In some recent discussions with someone I found that they believed that to interpret the Genesis creation narrative as literal history was “normative”, and this struck me as rather odd. Of course, he is right – it is normative to interpret Genesis as a literal history in many places in our modernist age, yes, but outside of our age? No, not at all, and normative doesn’t mean correct, but rather it is the popular default, normal for humans to do. In this case it is normative for humans to ignore the history of epistemology and to assume that the epistemological age they live within is the only one that existed: to suggest a ‘literal reading of Genesis as a book of history’ should be the default approach is to ignore the influence of Descartes upon how we, by default, think and to assume, wrongly, that people have always thought as we initially learn to do. To put it simply:
Whenever you read any text, not least scripture, in order to understand the intention of the author our first question must always be: “What *type* of literature is this?” Now, one of the primary effects of the domination of Cartesian epistemology since his time is that something is only considered to be true if it is either logically true or an historical fact – all forms of truth have only recently been squeezed into either “historically true/logically true” v “not true”. The effect on theology & doctrine of modernism over the past few hundred years since this way of thinking took ahold is to create budding theologians who rightly want to uphold the bible as true but then allow truth to be defined by Descarts because they know of no other way to process truth & knowledge. When they pick up Genesis they can, naturally, only interpret it as literal history because they have no other model.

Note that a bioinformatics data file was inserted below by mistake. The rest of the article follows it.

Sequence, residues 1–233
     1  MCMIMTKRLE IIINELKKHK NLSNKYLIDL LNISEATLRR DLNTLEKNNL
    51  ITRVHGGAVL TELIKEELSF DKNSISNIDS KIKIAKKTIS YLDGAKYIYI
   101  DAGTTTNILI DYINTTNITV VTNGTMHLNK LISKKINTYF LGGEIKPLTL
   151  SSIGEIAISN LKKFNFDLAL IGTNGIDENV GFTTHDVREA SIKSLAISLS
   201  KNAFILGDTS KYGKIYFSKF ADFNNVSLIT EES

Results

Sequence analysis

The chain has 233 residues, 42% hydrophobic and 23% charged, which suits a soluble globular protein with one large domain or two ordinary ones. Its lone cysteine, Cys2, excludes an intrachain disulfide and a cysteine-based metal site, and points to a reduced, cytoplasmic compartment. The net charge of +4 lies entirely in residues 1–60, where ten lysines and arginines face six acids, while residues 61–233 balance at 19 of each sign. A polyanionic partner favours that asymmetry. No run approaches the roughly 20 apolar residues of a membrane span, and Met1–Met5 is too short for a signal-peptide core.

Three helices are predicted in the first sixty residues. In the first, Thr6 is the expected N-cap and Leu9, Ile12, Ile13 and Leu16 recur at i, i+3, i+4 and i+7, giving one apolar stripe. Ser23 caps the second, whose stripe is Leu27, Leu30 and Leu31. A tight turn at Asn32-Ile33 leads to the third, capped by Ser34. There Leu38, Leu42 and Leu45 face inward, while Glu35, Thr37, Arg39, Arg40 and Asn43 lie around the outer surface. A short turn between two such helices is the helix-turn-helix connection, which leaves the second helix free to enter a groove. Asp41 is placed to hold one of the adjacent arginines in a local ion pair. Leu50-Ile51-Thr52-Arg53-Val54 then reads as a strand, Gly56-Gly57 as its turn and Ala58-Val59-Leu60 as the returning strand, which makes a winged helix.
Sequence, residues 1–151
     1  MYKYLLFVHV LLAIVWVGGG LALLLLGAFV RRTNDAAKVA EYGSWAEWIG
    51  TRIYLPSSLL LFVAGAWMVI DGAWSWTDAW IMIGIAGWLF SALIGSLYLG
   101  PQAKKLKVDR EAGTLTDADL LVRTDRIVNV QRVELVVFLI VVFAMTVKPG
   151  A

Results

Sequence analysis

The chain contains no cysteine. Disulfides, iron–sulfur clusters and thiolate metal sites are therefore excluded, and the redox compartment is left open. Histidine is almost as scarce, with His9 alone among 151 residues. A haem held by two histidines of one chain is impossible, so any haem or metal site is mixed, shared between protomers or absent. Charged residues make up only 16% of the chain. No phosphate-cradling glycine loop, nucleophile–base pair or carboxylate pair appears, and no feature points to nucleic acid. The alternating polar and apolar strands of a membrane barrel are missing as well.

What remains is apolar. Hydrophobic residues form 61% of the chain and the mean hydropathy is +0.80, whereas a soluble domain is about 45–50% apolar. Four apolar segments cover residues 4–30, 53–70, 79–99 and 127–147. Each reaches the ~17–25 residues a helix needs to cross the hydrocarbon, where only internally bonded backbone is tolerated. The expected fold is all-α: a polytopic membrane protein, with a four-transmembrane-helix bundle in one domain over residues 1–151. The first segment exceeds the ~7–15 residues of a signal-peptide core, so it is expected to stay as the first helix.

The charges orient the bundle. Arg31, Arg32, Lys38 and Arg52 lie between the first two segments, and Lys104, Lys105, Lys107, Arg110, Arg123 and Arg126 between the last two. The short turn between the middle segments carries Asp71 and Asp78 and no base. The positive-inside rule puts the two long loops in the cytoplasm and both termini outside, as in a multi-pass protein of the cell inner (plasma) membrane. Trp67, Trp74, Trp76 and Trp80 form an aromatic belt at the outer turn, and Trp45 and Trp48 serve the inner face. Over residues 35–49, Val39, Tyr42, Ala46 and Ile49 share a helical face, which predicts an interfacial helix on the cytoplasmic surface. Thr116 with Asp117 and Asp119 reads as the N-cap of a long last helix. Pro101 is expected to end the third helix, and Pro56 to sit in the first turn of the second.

The writers of Genesis certainly would not be bound by Cartesian epistemology, it would of course be anachronistic for them to be so. Of course they could speak through historical truth, but equally they could speak truth through story, just as Jesus did through parables – neither approach had a monopoly on truth. In answering the question “what type of literature is Genesis” we cannot default to a literal interpretation as we might for a fellow modernist writer.
Our starting point must instead be a neutral one, not “it is historical fact until you can prove otherwise” but rather we must look to the literary features (such as talking snakes), historic evidence (strikingly similar creation epics that pre-date Genesis) & scientific evidence (oh where to start!) in order to help us grasp the authors’ intentions and choice of genre – and in doing so we take scripture seriously.
When one begins from a neutral starting point looking at all these indicators, features and evidence we find that Genesis is a book of theological truth told through story, not a book of literal historical truth, thus we can hold that it is true and full of truth (and inspired!) in the fullest, non-Cartesian, sense of the word.